Interview - Aitor Arregi

- , , , , , ,

Aitor Arregi is the owner of the restaurant Elkano in Getaria near Bilbao.

T.F.: Hi Aitor, we are here at the restaurant Elkano. It is such a legendary place. Can you tell me a bit more about how everything began?

A.A.: We are in Getaria, it is a small village next to the sea. Years ago, our grandfathers were fishing in the village and they were cooking and grilling these fishes in the ship only with their fingers. Their know-how was incredible. Today, we are making the same then what they did in the ships, with the fishes of the day, only in a real kitchen.

T.F.: It all started in a bar, right? Not far from here?

A.A.: Yes. My father went to Germany for work, when he came back in 1964, he wanted to open a small bar for the fishermen. He started in my grandmother’s house.

The fishermen came with the fishes and my father grilled them with charcoal. With what the fishermen brought back from the sea, he made a revolution out of it. For example, he made the first turbot, with the skin, without cut.

T.F.: And what is the secret of your famous turbot?

A.A.: You should understand that the sea is our big kitchen and the cooks are the fishermen. The most important thing is actually the product, fresh from the sea, caught by the fishermen. The taste will be different according to where the fish is from, from the stones or from the sand for example. The taste changes also according the areas you eat from the fish, just like with meat. We can find in the same fish, many different tastes and textures. The taste of the turbot is a plurality concept. Not only the turbot, in all the fishes.

T.F.: What about the recipe of the turbot?

A.A.: The main cook was Oshepa, my grandmother. There is always a woman behind our stories. The men were going to the sea but the women stayed at home with the family. It’s kind of a “matriarcado”.

T.F.: On the menu, what are the main fishes that you propose?

A.A.: I work everyday with the fishermen, they follow the tides in order to choose one fish or another. They are selective fishermen. During the service, I go to the tables, one by one, I show them what fishes we have today and I explain. Then they can order what they want.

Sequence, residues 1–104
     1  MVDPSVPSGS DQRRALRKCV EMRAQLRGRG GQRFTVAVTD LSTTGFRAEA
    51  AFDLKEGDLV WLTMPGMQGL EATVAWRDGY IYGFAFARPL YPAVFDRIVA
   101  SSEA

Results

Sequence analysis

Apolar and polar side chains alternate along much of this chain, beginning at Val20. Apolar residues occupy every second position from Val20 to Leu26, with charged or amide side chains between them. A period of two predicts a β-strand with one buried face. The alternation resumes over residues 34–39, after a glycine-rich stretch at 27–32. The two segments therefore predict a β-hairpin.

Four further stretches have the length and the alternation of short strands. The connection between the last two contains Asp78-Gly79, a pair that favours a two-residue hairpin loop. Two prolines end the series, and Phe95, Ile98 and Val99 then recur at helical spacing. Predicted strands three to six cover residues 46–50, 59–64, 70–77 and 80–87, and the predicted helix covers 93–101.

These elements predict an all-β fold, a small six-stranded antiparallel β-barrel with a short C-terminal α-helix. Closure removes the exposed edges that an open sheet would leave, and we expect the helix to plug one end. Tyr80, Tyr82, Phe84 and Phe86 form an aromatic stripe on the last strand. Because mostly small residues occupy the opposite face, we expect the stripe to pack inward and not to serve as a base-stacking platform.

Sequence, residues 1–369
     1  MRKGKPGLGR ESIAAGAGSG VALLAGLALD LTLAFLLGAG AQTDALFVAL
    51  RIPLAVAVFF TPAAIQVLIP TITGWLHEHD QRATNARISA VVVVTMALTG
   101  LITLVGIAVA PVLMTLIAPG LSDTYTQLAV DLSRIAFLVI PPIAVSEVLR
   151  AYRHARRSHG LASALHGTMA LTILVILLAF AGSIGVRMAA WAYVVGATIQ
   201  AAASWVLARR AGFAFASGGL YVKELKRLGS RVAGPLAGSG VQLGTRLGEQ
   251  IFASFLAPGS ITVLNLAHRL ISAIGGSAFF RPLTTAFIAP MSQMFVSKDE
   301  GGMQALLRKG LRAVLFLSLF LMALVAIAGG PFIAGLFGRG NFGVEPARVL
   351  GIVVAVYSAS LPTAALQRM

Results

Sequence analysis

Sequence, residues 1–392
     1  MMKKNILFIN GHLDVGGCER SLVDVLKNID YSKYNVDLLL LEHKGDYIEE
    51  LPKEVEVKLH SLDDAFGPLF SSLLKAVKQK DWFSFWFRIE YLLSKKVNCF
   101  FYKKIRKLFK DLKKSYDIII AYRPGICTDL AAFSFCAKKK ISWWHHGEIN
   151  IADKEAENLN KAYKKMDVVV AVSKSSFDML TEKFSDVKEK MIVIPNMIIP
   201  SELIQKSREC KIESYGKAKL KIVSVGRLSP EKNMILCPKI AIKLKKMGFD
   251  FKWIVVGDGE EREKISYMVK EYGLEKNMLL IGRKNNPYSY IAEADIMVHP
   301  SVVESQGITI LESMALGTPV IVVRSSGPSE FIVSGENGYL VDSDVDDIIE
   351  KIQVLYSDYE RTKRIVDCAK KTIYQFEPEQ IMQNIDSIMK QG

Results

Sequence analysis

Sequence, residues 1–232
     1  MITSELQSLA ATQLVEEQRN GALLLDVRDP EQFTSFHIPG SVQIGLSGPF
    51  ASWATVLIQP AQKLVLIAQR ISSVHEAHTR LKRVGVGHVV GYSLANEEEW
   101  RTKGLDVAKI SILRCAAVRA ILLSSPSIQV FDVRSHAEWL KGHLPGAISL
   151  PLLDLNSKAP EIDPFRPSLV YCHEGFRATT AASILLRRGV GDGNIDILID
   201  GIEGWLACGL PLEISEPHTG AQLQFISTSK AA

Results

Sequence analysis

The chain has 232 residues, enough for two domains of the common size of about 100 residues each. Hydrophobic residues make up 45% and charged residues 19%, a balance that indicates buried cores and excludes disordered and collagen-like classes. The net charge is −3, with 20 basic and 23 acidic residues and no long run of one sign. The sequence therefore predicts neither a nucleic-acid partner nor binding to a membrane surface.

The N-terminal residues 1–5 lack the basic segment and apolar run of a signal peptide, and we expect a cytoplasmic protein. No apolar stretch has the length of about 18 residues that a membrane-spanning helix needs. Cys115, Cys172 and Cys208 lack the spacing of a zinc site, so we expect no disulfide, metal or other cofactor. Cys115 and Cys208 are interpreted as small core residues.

I like talking about the selective fishermen to people like you, people who are coming to the village and the restaurant, so they can understand what they eat.

T.F.: Can we eat every part of a fish? Leaving no leftovers?

A.A.: Yes, sustainability! I’ve been told that a certain area is for the children, another area, more gelatinous is for the father and the head was for the grandfather. So, you have a scale in the fish just like in the family. The first area isn’t the best for us, the rest is for the father and the head is the best. But people don’t eat the head anymore. Still, the head needs to be fresh otherwise it can be the best or the worst.

T.F.: Do you have a certain way of working?

A.A.: We work by the season, by the concept of terroir, the fishes need to be near. That makes three crucial elements: fresh, terroir and season. If you have the three, then only it is okay to cook. That’s it.

T.F.: How many fishermen are you working with?

A.A.: Many. For 3 or 4 generations of fishermen we’ve been working with fishermen. The ones we are working with now are the sons of the ones before. It’s like a family affair, it’s in the DNA.

error: Content is protected !!

 

The website www.thefoodalist.com is the property of:

 

Amélie Vincent

Phone: +32 (0) 477 / 66.24.18

Email: amelie@thefoodalist.com

queries in seconds.